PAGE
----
Political Turbulence: How Social Media Shape Collective Action

Princeton University Press
Free sample

As people spend increasing proportions of their daily lives using social media, such as Twitter and Facebook, they are being invited to support myriad political causes by sharing, liking, endorsing, or downloading. Chain reactions caused by these tiny acts of participation form a growing part of collective action today, from neighborhood campaigns to global political movements. Political Turbulence reveals that, in fact, most attempts at collective action online do not succeed, but some give rise to huge mobilizations—even revolutions.

Drawing on large-scale data generated from the Internet and real-world events, this book shows how mobilizations that succeed are unpredictable, unstable, and often unsustainable. To better understand this unruly new force in the political world, the authors use experiments that test how social media influence citizens deciding whether or not to participate. They show how different personality types react to social influences and identify which types of people are willing to participate at an early stage in a mobilization when there are few supporters or signals of viability. The authors argue that pluralism is the model of democracy that is emerging in the social media age—not the ordered, organized vision of early pluralists, but a chaotic, turbulent form of politics.


This book demonstrates how data science and experimentation with social data can provide a methodological toolkit for understanding, shaping, and perhaps even predicting the outcomes of this democratic turbulence.

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About the author

Helen Margetts is professor of society and the Internet and director of the Oxford Internet Institute at the University of Oxford. Peter John is professor of political science and public policy at University College London. Scott Hale is a data scientist at the Oxford Internet Institute. Taha Yasseri is a research fellow in computational social science at the Oxford Internet Institute.
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Additional Information

Publisher
Princeton University Press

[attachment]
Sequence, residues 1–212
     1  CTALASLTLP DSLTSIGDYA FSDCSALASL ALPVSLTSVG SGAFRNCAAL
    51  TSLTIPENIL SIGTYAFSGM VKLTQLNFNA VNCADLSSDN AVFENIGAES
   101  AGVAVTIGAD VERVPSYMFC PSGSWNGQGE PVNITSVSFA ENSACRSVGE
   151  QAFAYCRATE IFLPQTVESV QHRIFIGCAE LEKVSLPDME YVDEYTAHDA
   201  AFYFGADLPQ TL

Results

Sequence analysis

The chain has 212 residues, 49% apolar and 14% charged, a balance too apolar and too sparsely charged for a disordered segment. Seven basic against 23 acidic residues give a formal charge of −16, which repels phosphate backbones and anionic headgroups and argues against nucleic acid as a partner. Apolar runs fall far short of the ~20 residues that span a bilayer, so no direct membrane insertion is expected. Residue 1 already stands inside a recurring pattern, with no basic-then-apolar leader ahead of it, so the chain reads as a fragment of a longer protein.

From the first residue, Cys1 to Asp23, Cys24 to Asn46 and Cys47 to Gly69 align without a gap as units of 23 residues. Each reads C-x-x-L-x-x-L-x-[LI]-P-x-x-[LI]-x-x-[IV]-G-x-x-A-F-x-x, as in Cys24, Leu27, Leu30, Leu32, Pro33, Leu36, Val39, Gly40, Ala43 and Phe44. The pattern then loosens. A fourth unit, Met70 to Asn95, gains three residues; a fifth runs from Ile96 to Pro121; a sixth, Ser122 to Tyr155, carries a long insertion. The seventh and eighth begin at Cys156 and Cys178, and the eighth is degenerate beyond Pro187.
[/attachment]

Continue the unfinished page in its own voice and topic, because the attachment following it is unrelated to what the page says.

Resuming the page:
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Published on
Nov 24, 2015
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Pages
304
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ISBN
9781400873555
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Language
English
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Genres
Political Science / General
Political Science / Political Ideologies / Democracy
Political Science / Political Process / Political Advocacy
Social Science / Media Studies
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Content Protection
This content is DRM protected.
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Available on Android devices
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Eligible for Family Library

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Field experiments -- randomized controlled trials -- have become ever more popular in political science, as well as in other disciplines, such as economics, social policy and development. Policy-makers have also increasingly used randomization to evaluate public policies, designing trials of tax reminders, welfare policies and international aid programs to name just a few of the interventions tested in this way. Field experiments have become successful because they assess causal claims in ways that other methods of evaluation find hard to emulate.

Social scientists and evaluators have rediscovered how to design and analyze field experiments, but they have paid much less attention to the challenges of organizing and managing them. Field experiments pose unique challenges and opportunities for the researcher and evaluator which come from working in the field. The research experience can be challenging and at times hard to predict. This book aims to help researchers and evaluators plan and manage their field experiments so they can avoid common pitfalls. It is also intended to open up discussion about the context and backdrop to trials so that these practical aspects of field experiments are better understood.

The book sets out ten steps researchers can use to plan their field experiments, then nine threats to watch out for when they implement them. There are cases studies of voting and political participation, elites, welfare and employment, nudging citizens, and developing countries.
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